Court holds off on statewide mask mandate for Minnesota schools
A lawsuit aimed at overriding local control by directing Gov. Tim Walz to order Minnesota schools to adopt a statewide mask mandate, whether districts object or not, has lost round…
A new project launched on National Teacher Appreciation Day, Educated Teachers MN aims to inform and empower Minnesota K-12 educators by raising awareness of a U.S. Supreme Court case widely expected to end the forced payment of union dues and fees by teachers and other government employees as a condition of employment.
In 2016-2017 Education Minnesota collected over $50 million in dues and fees from 75,000 teachers statewide that were used for collective bargaining, lobbying and advancing the union’s political agenda.
But Education Minnesota, AFSCME-5 and other statewide public employee unions are already bracing for the potential loss of thousands of members and millions of dollars in revenue if the high court rules against public unions, as widely expected, in the case of Janus v. AFSCME by the end of June.
“Public unions are guaranteed revenue under current law; they do not have to earn it,” said Kim Crockett, Director of Educated Teachers MN. “Imagine if the teachers’ union had to treat teachers as a customer instead of a captive. That would be good for teachers, students and the union.”
The EducatedTeachersMN.com website provides teachers with facts on how Education Minnesota spends dues and fees deducted from their paychecks, as well as alternatives for educators to advance their interests apart from the statewide teachers’ union. Teachers pay between $800 to $1,400 in annual dues. If the Court rules that public employees can opt-out of paying union fees, the website will offer information about that process.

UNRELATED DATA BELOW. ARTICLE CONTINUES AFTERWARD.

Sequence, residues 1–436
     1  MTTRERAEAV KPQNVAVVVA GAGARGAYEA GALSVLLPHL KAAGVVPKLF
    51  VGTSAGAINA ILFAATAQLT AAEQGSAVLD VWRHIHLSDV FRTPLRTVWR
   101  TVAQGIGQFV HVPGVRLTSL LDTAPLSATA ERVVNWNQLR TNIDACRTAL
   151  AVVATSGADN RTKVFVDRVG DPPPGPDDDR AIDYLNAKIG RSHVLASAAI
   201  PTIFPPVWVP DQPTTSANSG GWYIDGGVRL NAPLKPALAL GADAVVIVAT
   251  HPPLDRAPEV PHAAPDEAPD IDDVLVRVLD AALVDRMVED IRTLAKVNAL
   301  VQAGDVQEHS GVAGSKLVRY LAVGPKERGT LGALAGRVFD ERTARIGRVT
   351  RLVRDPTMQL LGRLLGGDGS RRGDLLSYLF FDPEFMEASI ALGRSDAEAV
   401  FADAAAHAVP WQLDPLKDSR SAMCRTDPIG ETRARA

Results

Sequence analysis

In the last reporting cycle, for example, Education Minnesota increased spending on “Political Activities and Lobbying” by $1.3 million, while increasing spending on “Representational Activities” for members by just $193,000. In addition, dozens of union staff and operatives earned over $100,000, far more than the classroom teachers whose mandatory dues and fees pay their way.
In the 2016-2017 academic year, more than 6,500 Minnesota teachers already chose to opt out of paying full union dues, a five percent increase over the prior year. Currently public employees who opt out pay so-called “fair share” fees amounting to 85 percent of union dues.
The majority of classroom teachers have never voted in an election for exclusive representation by a union.
Education Minnesota has undertaken a campaign to pressure teachers statewide to sign a union card that automatically renews, unless educators opt out during a one-week window from September 24-30.
“Informed and empowered teachers are better suited to serve the needs of students and deserve the freedom to choose who represents them and how,” Crockett said.
Educated Teachers MN will reach out to tens of thousands of Minnesota public school teachers over the next several months, offering assistance to educators who are considering opting out of the state teachers’ union. Educated Teachers MN is a project of Center of the American Experiment, Minnesota’s leading public policy organization.